Tuesday, Dec 07, 2021 | Last Update : 02:31 AM IST

  When officials played spoilsport at Games

When officials played spoilsport at Games

Published : Jul 19, 2016, 12:59 am IST
Updated : Jul 19, 2016, 12:59 am IST

Light middleweight boxer Park Si-hun of South Korea was declared the winner at the 1988 Seoul Olympics despite only 32 hits as opposed to USA’s Roy Jones’ 86.

Light middleweight boxer Park Si-hun of South Korea was declared the winner at the 1988 Seoul Olympics despite only 32 hits as opposed to USA’s Roy Jones’ 86.

The Olympics is the pinnacle of achievement in most sports. Competition wasn’t fierce in the first couple of editions of the Games but the stakes reached dizzying heights as years rolled on.


It’s, therefore, not surprising that refereeing controversies have dogged the Games all along. Here is a chronicle of three cantankerous events in the history of the Games.

London, 1908: From the beginning, American athletes didn’t see to eye with their British counterparts. That all officials in athletics hailed from the host nation added fuel to the fire and things reached boiling point in the 400m final. British track officials ordered a re-run of the final after adjudging that USA’s John Carpenter had impeded Scotland’s Wyndham Halswelle. Carpenter was also disqualified.

A furious American contingent pulled out its two remaining competitors from the re-run. Halswelle won a farcical gold medal by running all alone. It remains the only instance in which an Olympic gold was won after a walkover.


Munich, 1972: The Cold War politics reared its ugly head in the Olympic arena to spoil an intriguing basketball final between the USSR and USA. Having not lost a match since 1936, the Americans were expected to take gold without any fuss. But the match was neck-and-neck. With the USSR leading 49-48 in the dying seconds, the US gained two free throws. The American bench erupted in joy after both throws swished through the hoop. But the Brazilian referee ordered a restart, ruling that the Soviet bench had called a time-out between the throws.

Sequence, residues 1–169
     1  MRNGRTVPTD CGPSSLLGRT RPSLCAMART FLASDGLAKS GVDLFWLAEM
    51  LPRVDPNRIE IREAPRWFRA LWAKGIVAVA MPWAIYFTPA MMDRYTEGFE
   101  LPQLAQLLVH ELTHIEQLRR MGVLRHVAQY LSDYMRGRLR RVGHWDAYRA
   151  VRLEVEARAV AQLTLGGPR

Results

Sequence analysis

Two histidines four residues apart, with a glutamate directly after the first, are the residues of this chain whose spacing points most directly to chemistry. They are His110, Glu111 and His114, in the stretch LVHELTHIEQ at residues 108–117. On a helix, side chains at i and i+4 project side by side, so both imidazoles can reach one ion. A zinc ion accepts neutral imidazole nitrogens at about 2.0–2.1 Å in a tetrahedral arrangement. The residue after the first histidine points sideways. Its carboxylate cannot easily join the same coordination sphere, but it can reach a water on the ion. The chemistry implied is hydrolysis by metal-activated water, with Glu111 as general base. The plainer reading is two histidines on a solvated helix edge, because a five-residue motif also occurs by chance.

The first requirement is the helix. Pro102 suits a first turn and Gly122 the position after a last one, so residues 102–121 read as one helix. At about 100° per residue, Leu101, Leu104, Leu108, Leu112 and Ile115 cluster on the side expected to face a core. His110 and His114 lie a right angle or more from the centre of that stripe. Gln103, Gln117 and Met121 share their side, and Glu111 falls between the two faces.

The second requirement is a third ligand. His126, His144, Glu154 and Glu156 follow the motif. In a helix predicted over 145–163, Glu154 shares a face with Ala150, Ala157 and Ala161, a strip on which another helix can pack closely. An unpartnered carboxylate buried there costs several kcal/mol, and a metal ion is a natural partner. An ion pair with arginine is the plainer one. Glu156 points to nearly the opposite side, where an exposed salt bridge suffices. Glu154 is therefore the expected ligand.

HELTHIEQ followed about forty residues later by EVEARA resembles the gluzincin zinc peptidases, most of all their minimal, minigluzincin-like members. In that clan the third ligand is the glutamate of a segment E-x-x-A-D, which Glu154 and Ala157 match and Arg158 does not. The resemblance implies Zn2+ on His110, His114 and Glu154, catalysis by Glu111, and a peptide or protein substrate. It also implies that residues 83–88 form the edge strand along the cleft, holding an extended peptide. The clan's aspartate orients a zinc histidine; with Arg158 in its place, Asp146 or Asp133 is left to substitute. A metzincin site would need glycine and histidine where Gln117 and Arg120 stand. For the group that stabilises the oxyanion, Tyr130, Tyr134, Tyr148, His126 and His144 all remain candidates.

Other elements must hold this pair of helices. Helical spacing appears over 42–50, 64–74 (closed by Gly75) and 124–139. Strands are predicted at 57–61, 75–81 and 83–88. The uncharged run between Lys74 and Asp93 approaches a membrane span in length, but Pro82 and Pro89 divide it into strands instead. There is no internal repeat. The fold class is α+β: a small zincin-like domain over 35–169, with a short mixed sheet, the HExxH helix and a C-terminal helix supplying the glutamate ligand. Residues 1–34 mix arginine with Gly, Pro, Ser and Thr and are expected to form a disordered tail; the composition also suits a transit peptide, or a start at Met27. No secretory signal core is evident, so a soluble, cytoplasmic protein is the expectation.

The US held on to the slenderest of leads until the buzzer sounded again. Their joy was shortlived once again. This time Fiba’s secretary intervened inexplicably to add three more seconds to the clock. Even as USA were coming to terms with the absurdity of the extra time, the USSR initiated a move that resulted in a basket and a 51-50 triumph for them.


The entire US team, justifiably enraged, boycotted the medal ceremony. The silver medals are safe in the vaults of the International Olympic Committee’s headquarters in Lausanne, Switzerland. Some American players have written wills that their children should not accept the medals.

Seoul, 1988: South Korean boxer Park Si-hun himself knew that he had comprehensively been beaten by America’s Roy Jones Jr in the light middleweight final but judges, lavishly wined and dined by the hosts, ruled differently. To the disbelief of everyone, Park was declared a winner. Despite dominating the three rounds and recording 86 hits to his opponents’ 32, Jones had to be content with a silver medal. Park raised the arm of Jones on the podium after telling him: “I’m sorry. I lost the fight. I feel very bad.” The scandal forced boxing authorities to go for radical changes in awarding points.